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  • Author: Adam Segal, Rob Knake
  • Publication Date: 01-2017
  • Content Type: Journal Article
  • Journal: Journal of International Affairs
  • Institution: School of International and Public Affairs, Columbia University
  • Abstract: When transition planning gets underway in earnest this fall, one of the hardest memos to write will be the outbrief from the current National Security Council (NSC) team on what to do about China’s ongoing campaign of cyber espionage targeting the intellectual property of U.S. companies. While long a focus of both the president’s cyber and China teams, there is little chance that in the coming months the issue is going to be brought to any type of resolution. Instead, the next president will inherit a partially implemented plan that has produced positive results in the short term, but its long-term sustainability remains uncertain. He or she would be wise to follow the playbook left by the Obama administration, with a redoubled focus on the investigation and prosecution of cybercrime. Critics of the administration on this topic generally fall into two camps. One, summed up nicely by the title of a book by Peter Kiernan, is the Becoming China’s Bitch camp.[1] In this view, the United States is so dependent on China that the Chinese can do what they want and there is little Americans can do to stop them. They hold U.S. debt, Americans can’t manufacture anything without them, Chinese students are leaps and bounds smarter than American students, and there are millions more of them studying science and math. The Chinese are strategic, looking around the corner of history and shaping it in their interests. They are playing three-dimensional chess and President Obama has been playing checkers. They put the blame on what they would characterize as Obama’s willingness to “lead from behind.” They then quote Sun Tzu, reference Unrestricted Warfare, and drop the mic.[2] The second view is the Coming Collapse of China camp.[3] In this view, despite an aggressive anti-corruption campaign and a more assertive foreign policy, China is weak, wounded, and dangerous. The Communist Party made a deal with the devil, offering economic growth in exchange for loyalty to the regime. Now, the leadership can’t keep up with their end of the bargain. Growth is slowing, and at a faster pace than the official figures acknowledge. Over investment continues and economic reforms have stalled. Air and water pollution are a drag on the economy and a threat to citizen health. Paranoid about any dissent, the party has tightened restrictions on the Internet and the media and arrested feminists, civil rights activists, and lawyers. One spark could start protests that lead to widespread instability and perhaps the end of Communist Party rule. What’s interesting is that these divergent views of China’s place in the world similarly predict there is little chance that China will cease stealing intellectual property. In the first view, China holds all the cards, and there is simply nothing the United States can do to impose costs and stop the hacking of companies. If China is desperate and dangerous, then it can’t stop stealing technology and business secrets because they are needed to fuel the economy.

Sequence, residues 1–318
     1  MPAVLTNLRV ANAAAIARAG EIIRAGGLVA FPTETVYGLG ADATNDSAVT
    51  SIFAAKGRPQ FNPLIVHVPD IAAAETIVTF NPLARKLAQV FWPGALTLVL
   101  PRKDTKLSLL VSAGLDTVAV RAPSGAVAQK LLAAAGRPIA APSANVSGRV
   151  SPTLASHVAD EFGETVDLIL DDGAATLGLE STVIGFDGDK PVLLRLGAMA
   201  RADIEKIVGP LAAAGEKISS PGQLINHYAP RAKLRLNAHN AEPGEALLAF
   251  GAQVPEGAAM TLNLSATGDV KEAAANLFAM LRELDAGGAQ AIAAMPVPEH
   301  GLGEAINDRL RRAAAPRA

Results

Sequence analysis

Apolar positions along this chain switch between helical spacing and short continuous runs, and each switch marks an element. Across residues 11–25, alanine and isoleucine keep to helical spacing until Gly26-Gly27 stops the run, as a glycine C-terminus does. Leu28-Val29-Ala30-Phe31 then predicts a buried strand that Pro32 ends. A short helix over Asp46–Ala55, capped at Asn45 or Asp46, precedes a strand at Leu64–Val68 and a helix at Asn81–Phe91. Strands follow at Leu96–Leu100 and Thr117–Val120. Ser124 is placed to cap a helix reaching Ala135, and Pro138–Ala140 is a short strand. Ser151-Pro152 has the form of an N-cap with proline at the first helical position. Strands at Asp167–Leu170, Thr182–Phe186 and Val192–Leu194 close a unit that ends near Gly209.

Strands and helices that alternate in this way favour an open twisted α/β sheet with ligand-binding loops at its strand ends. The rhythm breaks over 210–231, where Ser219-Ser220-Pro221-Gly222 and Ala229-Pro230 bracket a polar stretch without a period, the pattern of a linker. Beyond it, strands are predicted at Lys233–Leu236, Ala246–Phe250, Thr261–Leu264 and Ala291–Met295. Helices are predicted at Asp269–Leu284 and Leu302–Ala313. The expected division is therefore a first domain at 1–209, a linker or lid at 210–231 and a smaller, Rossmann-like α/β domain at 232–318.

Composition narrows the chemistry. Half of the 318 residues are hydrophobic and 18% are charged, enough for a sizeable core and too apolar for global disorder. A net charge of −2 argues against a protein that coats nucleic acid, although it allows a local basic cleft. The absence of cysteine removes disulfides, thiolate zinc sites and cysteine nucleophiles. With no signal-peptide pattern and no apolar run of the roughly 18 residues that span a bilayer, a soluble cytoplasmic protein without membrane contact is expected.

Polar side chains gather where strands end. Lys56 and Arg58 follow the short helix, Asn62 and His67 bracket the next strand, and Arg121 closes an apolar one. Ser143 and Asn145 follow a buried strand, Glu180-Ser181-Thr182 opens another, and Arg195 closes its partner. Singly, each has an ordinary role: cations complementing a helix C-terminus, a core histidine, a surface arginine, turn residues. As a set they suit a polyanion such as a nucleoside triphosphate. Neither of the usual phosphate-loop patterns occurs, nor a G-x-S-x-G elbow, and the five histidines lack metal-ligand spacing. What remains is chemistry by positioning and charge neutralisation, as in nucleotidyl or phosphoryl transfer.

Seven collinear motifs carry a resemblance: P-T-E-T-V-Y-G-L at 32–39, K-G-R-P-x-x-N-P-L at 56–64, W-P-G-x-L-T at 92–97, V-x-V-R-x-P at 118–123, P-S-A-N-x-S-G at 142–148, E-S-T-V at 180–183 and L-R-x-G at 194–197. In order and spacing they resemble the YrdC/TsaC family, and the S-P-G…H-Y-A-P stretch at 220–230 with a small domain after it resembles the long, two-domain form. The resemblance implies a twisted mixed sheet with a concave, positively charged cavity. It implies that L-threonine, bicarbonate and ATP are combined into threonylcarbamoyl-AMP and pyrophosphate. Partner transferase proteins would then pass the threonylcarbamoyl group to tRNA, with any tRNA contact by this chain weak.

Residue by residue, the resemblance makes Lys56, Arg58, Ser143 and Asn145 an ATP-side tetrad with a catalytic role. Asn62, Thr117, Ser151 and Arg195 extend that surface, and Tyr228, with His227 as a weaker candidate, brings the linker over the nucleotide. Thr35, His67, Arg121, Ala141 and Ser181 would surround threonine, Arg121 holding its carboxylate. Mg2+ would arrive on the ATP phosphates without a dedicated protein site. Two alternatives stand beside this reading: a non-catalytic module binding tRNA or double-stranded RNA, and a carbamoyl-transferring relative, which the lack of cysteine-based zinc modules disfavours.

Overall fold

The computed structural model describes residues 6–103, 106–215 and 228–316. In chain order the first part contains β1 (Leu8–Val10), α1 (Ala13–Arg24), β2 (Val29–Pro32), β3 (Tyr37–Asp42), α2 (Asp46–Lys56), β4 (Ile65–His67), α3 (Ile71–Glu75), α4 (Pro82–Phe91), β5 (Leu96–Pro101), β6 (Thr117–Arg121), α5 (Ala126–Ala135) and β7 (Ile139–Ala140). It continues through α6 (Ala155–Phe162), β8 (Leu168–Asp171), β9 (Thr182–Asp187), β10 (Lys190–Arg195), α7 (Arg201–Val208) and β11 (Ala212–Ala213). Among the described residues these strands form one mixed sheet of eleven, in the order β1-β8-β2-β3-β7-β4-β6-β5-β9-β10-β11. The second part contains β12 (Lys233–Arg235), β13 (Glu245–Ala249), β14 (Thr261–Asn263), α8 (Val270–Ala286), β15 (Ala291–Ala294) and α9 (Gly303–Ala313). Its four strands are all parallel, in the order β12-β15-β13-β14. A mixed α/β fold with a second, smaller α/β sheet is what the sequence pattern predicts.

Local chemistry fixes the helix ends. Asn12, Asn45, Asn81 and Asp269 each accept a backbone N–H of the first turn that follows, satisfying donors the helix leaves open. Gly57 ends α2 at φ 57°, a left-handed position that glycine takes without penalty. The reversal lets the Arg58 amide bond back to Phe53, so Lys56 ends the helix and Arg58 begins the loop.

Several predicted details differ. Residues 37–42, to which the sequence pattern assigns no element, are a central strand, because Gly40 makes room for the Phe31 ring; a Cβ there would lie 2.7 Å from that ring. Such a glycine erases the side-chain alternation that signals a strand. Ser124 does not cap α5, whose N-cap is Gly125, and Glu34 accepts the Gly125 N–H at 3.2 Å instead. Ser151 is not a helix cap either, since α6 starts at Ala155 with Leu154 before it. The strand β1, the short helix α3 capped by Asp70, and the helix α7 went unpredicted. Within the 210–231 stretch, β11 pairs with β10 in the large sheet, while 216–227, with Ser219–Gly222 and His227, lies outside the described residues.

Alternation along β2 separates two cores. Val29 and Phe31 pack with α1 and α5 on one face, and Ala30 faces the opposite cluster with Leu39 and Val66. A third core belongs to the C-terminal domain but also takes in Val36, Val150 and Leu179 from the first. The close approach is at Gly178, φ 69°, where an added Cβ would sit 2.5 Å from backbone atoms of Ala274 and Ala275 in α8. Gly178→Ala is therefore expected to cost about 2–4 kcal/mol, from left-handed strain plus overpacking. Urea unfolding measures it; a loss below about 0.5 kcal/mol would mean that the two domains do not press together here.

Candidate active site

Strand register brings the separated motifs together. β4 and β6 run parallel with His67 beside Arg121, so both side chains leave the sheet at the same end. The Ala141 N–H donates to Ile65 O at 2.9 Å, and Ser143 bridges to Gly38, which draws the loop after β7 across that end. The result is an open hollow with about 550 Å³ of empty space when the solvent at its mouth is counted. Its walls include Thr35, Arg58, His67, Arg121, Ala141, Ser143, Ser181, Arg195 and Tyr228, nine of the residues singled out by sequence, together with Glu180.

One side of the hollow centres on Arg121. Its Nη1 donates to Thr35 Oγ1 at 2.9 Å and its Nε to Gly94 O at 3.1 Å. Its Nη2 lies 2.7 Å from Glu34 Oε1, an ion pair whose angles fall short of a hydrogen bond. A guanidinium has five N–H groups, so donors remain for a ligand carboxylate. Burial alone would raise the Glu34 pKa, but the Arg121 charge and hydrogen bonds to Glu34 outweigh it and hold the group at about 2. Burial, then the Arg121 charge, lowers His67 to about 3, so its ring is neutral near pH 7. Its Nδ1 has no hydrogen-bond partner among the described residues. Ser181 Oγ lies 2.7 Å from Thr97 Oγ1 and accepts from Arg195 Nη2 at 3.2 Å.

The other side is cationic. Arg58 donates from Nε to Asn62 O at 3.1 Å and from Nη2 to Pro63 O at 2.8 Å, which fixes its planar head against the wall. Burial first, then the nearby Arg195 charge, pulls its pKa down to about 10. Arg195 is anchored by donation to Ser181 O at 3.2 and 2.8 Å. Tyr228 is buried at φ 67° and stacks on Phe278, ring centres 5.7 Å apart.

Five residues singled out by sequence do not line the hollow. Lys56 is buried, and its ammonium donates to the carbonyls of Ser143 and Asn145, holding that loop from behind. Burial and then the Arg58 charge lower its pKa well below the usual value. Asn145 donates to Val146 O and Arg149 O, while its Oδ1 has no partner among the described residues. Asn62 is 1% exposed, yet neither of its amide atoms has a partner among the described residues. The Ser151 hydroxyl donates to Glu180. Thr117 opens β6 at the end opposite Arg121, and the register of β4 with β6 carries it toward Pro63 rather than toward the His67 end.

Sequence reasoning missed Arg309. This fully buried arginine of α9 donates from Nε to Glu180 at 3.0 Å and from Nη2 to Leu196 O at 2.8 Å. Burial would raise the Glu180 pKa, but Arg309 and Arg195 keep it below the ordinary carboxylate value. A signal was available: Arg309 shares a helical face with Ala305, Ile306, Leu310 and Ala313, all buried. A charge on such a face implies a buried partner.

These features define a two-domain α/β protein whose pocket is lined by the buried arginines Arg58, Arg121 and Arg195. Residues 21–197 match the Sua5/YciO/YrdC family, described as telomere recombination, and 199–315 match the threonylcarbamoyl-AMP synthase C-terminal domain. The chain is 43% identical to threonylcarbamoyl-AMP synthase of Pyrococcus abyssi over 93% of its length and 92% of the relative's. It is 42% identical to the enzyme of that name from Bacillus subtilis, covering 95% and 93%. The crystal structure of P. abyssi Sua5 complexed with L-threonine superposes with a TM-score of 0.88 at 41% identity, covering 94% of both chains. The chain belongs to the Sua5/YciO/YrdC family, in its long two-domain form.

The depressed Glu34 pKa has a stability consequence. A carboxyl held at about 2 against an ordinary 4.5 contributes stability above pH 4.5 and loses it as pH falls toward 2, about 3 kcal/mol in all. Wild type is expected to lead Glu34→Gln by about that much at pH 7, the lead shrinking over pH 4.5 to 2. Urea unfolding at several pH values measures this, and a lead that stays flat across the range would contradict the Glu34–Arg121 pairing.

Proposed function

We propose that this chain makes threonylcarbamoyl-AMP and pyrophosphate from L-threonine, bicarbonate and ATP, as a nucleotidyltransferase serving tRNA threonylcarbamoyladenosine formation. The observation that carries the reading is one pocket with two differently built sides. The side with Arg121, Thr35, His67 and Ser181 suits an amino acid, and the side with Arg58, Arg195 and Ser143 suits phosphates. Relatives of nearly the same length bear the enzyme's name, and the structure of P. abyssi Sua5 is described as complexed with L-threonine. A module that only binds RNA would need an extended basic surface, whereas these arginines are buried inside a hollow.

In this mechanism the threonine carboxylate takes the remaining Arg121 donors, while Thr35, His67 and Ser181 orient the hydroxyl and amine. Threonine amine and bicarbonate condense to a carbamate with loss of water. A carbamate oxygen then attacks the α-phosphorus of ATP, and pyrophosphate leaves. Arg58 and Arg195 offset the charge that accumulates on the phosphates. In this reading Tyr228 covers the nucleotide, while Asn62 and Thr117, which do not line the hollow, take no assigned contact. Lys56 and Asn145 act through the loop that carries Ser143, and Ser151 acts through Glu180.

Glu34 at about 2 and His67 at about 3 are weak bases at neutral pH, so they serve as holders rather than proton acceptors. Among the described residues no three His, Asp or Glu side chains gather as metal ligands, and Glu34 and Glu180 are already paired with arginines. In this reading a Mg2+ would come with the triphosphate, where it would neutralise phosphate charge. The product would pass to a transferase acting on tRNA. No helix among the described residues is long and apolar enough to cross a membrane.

• Topic: Science and Technology, Intellectual Property/Copyright, Cybersecurity, Conflict
  • Political Geography: United States, China, Asia, North America